Legal system
mixed legal system of civil, customary, and Islamic religious law
International law organization participation
has not submitted an ICJ jurisdiction declaration; non-party state to the ICCt
Suffrage
18 years of age; universal
Executive branch
chief of state:
President ISAIAS Afworki (since 8 June 1993); note - the president is both the chief of state and head of government and is head of the State Council and National Assembly
head of government:
President ISAIAS Afworki (since 8 June 1993)
cabinet:
State Council the collective is executive authority; members appointed by the president
elections:
president elected by the National Assembly for a five-year term (eligible for a second term); the most recent and only election was held on 8 June 1993 (next election date uncertain as the National Assembly did not hold a presidential election in December 2001 as anticipated)
election results:
ISAIAS Afworki elected president; percent of National Assembly vote - ISAIAS Afworki 95%, other 5%
Legislative branch
unicameral National Assembly (150 seats; members elected by direct popular vote to serve five-year terms)
elections:
in May 1997, following the adoption of the new constitution, 75 members of the PFDJ Central Committee (the old Central Committee of the EPLF), 60 members of the 527-member Constituent Assembly, which had been established in 1997 to discuss and ratify the new constitution, and 15 representatives of Eritreans living abroad were formed into a Transitional National Assembly to serve as the country's legislative body until countrywide elections to a National Assembly were held; although only 75 of 150 members of the Transitional National Assembly were elected, the constitution stipulates that once past the transition stage, all members of the National Assembly will be elected by secret ballot of all eligible voters; National Assembly elections scheduled for December 2001 were postponed indefinitely
Judicial branch
Supreme Court; Regional, subregional, and village courts
Political parties and leaders
People's Front for Democracy and Justice or PFDJ [ISAIAS Afworki] (the only party recognized by the government); note - a National Assembly committee drafted a law on political parties in January 2001, but the full National Assembly has yet to debate or vote on it
Political pressure groups and leaders
Eritrean Democratic Party or EDP [HAGOS, Mesfin]; Eritrean Islamic Jihad or EIJ (includes Eritrean Islamic Jihad Movement or EIJM also known as the Abu Sihel Movement); Eritrean Islamic Salvation or EIS (also known as the Arafa Movement); Eritrean Liberation Front or ELF [ABDULLAH Muhammed]; Eritrean National Alliance or ENA (a coalition including EIJ, EIS, ELF, and a number of ELF factions) [HERUY Tedla Biru]; Eritrean Public Forum or EPF [ARADOM Iyob]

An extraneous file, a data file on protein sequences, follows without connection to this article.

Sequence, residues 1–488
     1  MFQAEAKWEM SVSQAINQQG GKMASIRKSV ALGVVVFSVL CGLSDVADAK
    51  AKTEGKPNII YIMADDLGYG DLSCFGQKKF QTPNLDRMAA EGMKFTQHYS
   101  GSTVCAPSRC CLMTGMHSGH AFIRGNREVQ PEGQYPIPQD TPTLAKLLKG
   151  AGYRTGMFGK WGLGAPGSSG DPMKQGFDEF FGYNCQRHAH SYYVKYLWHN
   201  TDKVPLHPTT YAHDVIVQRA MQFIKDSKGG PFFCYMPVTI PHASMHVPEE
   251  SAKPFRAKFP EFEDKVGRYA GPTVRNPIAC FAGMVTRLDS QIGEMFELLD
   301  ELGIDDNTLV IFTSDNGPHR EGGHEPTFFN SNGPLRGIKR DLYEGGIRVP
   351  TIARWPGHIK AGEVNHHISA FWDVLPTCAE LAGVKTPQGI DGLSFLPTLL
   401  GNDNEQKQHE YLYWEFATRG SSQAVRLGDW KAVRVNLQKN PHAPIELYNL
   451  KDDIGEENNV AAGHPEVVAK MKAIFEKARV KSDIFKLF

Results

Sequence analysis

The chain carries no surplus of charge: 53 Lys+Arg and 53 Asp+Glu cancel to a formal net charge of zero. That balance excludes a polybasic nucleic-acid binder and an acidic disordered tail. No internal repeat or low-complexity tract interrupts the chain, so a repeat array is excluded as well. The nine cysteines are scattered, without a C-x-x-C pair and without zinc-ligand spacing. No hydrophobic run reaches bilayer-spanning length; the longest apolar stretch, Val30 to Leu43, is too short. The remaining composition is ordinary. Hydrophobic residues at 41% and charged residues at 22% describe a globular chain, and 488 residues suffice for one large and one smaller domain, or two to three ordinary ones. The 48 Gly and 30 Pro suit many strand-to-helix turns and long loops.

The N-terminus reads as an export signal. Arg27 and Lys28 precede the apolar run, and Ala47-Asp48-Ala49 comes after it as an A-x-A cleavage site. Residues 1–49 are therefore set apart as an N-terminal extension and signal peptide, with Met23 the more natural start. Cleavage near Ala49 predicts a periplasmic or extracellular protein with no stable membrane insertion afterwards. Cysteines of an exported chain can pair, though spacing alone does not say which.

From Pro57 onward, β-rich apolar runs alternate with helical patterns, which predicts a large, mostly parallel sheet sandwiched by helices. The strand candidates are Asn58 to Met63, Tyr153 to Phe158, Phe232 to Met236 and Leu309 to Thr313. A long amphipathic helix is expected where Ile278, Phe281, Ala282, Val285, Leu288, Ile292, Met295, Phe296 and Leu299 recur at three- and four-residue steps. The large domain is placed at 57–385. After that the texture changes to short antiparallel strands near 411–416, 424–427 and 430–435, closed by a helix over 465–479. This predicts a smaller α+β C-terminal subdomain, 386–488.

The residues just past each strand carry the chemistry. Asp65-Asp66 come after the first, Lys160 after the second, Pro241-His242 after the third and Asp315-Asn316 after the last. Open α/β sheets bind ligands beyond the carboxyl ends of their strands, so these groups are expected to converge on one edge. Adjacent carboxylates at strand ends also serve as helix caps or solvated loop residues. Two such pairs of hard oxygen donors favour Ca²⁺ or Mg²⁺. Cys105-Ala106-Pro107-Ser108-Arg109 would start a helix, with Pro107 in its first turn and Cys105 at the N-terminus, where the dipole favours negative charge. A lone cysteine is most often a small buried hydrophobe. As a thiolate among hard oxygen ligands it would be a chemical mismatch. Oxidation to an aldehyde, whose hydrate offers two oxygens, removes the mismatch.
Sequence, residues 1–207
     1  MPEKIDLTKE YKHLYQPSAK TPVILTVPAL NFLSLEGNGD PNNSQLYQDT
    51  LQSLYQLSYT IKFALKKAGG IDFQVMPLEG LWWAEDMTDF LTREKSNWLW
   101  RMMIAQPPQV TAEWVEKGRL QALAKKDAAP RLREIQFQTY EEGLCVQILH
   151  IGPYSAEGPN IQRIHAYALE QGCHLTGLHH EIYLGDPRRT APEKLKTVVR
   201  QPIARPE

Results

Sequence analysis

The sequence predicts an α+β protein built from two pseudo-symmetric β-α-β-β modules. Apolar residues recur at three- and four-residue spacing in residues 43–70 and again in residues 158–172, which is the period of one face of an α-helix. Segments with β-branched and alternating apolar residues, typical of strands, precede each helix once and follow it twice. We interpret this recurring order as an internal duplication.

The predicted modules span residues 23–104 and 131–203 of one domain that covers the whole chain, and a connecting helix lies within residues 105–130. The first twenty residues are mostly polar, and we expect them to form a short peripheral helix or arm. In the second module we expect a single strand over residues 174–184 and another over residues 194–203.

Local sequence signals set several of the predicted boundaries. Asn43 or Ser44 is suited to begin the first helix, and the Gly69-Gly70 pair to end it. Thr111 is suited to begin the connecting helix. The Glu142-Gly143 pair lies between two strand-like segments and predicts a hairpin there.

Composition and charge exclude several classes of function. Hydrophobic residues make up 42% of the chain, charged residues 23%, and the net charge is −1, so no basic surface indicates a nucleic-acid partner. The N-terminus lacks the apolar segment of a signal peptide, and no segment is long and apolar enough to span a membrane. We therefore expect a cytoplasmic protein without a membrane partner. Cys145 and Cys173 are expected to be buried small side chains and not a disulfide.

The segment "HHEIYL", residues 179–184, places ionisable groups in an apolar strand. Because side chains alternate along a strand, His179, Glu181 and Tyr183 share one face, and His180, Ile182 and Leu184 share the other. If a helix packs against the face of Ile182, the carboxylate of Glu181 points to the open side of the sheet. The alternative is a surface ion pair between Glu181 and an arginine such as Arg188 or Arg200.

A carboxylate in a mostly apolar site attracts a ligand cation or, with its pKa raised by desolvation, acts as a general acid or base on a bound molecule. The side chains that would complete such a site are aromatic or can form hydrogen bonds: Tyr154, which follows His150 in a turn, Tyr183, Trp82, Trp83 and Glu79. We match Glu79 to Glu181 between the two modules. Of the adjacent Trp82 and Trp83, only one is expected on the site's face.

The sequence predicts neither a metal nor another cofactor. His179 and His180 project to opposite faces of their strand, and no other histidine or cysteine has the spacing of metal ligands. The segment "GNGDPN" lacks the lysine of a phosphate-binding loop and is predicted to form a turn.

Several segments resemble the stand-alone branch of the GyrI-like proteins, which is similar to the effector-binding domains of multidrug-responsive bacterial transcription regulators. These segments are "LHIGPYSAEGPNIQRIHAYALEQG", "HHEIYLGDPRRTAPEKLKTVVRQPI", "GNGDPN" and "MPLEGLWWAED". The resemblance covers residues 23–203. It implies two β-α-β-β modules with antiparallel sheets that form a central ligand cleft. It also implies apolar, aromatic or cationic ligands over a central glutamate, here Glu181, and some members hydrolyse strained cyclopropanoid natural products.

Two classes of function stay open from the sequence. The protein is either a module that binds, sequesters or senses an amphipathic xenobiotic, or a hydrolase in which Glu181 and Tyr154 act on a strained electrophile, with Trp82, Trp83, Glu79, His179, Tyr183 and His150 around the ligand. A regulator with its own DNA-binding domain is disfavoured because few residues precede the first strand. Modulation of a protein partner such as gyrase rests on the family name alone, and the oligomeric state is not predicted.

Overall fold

International organization participation
ACP, AfDB, AU, COMESA, FAO, G-77, IAEA, IBRD, ICAO, IDA, IFAD, IFC, IFRCS (observer), ILO, IMF, IMO, Interpol, IOC, ISO (subscriber), ITU, ITUC, LAS (observer), MIGA, NAM, OPCW, PCA, UN, UNCTAD, UNESCO, UNIDO, UNWTO, UPU, WCO, WFTU, WHO, WIPO, WMO
Diplomatic representation in the US
chief of mission:
Ambassador (vacant); Charge d'Affaires BERHANE Gebrehiwet Solomon
chancery:
1708 New Hampshire Avenue NW, Washington, DC 20009
telephone:
[1] (202) 319-1991
FAX:
[1] (202) 319-1304
consulate(s) general:
Oakland (California)
Diplomatic representation from the US
chief of mission:
Ambassador (vacant); Charge d'Affaires Sue BREMNER
embassy:
179 Ala Street, Asmara
mailing address:
P. O. Box 211, Asmara
telephone:
[291] (1) 120004
FAX:
[291] (1) 127584
Flag description
red isosceles triangle (based on the hoist side) dividing the flag into two right triangles; the upper triangle is green, the lower one is blue; a gold wreath encircling a gold olive branch is centered on the hoist side of the red triangle; green stands for the country's agriculture economy, red signifies the blood shed in the fight for freedom, and blue symbolizes the bounty of the sea; the wreath-olive branch symbol is similar to that on the first flag of Eritrea from 1952; the shape of the red triangle broadly mimics the shape of the country
National symbol(s)
camel
National anthem
name:
"Ertra, Ertra, Ertra" (Eritrea, Eritrea, Eritrea)
lyrics/music:
SOLOMON Tsehaye Beraki/Isaac Abraham MEHAREZGI and ARON Tekle Tesfatsion
adopted 1993; upon independence from Ethiopia in 1993, Eritrea adopted its own national anthem
Data source 1: All Above textual data, maps and flags were extracted from The World Factbook which was prepared by the Central Intelligence Agency and made available on the following link: The World Factbook. Lebanese Economy Forum is not sponsered or affiliated, in any way, by the US Central Intelligence Agency
Data source 2: Plots and Charts are constructed using the world bank public data catalog which can be viewed by visiting the following link: World Bank Data Catalog. Lebanese Economy Forum is not sponsored or affiliated, in any way, by the worldbank

Comments are closed.